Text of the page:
There is also private health insurance. Anyone can go to the ACA Marketplace and get private insurance. Many people also get private insurance benefits from their employers. 

For most private insurance, coverage involves networks and which you are allowed to use and or not use. Let’s take a look at some private health insurance options.

HMO

A health maintenance organization or HMO is likely to most restrictive because it requires the insured to see health care providers in a certain network. 

All of your care will be provided by a primary care physician (PCP). The PCP is the one who dictates your care and must write referrals for you to say any other care provider. 

PPO

A PPO, or a preferred provider organization, is less restrictive than HMO plans. You have the option of seeing an in-network doctor. This is often for less cost. You are not, however, restricted to just those care providers and can choose to go to an out-of-network doctor too. 

One advantage of a PPO plan is that you don’t need a referral to see other doctors from your PCP. Because they are less restrictive, PPO plans tend to be more costly than other options.

EPO

An exclusive provider organization or EPO is a combination of the HMO and PPO plans.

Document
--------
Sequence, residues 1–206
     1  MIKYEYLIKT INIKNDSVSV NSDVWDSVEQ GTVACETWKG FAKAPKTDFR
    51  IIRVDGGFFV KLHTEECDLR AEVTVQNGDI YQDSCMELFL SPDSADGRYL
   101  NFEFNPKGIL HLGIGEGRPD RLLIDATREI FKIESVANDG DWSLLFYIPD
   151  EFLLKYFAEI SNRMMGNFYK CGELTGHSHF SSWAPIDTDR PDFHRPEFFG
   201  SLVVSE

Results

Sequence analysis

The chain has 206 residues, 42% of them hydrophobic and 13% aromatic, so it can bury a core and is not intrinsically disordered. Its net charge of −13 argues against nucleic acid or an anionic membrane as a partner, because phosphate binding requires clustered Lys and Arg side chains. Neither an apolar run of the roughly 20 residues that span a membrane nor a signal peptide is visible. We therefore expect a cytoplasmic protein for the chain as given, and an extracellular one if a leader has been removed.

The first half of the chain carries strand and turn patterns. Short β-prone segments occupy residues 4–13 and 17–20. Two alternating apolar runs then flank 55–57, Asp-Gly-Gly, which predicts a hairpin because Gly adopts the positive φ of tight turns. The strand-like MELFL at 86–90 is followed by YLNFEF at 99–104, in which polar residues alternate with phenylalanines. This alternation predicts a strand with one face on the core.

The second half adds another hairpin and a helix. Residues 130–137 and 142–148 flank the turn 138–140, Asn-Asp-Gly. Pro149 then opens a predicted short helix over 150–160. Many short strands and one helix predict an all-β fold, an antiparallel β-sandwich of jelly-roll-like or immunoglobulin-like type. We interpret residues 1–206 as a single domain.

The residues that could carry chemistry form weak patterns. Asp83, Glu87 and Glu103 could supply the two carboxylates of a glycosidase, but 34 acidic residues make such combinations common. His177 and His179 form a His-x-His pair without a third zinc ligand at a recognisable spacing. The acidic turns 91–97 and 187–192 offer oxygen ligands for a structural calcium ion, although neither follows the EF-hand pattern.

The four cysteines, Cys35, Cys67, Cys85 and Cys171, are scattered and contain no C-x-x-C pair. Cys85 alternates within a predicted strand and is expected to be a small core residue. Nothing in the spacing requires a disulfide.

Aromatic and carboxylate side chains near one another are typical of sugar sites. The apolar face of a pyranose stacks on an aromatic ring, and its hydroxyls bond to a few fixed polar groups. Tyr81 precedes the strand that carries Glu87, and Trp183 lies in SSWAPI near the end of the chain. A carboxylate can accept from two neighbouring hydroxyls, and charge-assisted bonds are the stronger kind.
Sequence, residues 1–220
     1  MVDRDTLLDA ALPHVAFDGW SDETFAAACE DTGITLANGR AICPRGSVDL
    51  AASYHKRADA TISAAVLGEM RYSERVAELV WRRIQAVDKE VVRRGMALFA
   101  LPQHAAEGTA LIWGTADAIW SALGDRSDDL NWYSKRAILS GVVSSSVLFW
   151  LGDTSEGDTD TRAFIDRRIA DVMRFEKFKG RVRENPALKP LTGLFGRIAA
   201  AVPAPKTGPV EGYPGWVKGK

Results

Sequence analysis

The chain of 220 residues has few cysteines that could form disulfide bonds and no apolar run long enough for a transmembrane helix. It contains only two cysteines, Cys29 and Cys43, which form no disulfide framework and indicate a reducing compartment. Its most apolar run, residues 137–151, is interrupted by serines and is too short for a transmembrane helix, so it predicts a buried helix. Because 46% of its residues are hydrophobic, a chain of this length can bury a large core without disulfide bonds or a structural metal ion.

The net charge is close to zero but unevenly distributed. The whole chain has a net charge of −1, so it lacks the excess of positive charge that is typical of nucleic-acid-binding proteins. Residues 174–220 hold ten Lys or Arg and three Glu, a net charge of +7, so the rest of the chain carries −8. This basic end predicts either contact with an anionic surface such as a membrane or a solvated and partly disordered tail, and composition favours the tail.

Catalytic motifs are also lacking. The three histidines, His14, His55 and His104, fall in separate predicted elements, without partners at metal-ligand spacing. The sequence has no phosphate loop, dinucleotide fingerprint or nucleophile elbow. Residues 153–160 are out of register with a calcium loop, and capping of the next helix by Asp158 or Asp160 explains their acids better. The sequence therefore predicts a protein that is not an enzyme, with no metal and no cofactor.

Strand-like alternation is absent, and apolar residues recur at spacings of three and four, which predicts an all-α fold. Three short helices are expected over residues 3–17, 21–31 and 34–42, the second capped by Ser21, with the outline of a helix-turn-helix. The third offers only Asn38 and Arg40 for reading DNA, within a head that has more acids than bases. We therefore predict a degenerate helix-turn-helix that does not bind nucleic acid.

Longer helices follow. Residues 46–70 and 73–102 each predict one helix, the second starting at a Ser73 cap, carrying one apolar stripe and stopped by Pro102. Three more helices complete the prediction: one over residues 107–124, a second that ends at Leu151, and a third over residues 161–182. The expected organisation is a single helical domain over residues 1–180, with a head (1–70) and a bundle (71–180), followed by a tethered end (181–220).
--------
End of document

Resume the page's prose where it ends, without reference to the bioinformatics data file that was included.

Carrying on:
The good part of an EPO is that you don’t need referrals to see specialists. You must still designate a PCP but can’t see out of network doctors. 

POS

The point of service plans or POS is a hybrid option of all of the above. You must designate a PCP like in the HMO plan. This PCP is responsible for the coordination of your care. 

You get to have access to the PPO style of network providers, although they are likely to be at a higher cost. There is also still the HMO network that can be less costly. If you choose that option, you must still get a referral from your PCP.

Health Insurance Enrollment

Health insurance has something called enrollment periods. This is the time when you can enroll or sign up for the plan. It’s also a window of time when you can elect to make changes to your health plan coverage. 

When is open enrollment for health insurance in 2020? This is a bit tricky to answer, especially considering today’s current climate. Generally speaking, they are in November and December for coverage beginning the next year. However, many plans also do an open enrollment period in March and April for coverage beginning May 1.

To get a definitive answer on open enrollment, check your state’s guidelines. If you have private insurance through an employer, they can also give that information specifically.

Open enrollment restrictions can also get waived if you have a qualified change in status, like a job change or a divorce. 

Understanding Health Insurance So It Works for You

Understanding health insurance, all the rules, regulations, and terminology can be overwhelming for even those who are well versed. This one part of life that requires research and paying attention to details to get the best possible coverage at rates you can afford. 

For other ideas about saving money and learning about personal finance and insurance-related concerns, visit our website often.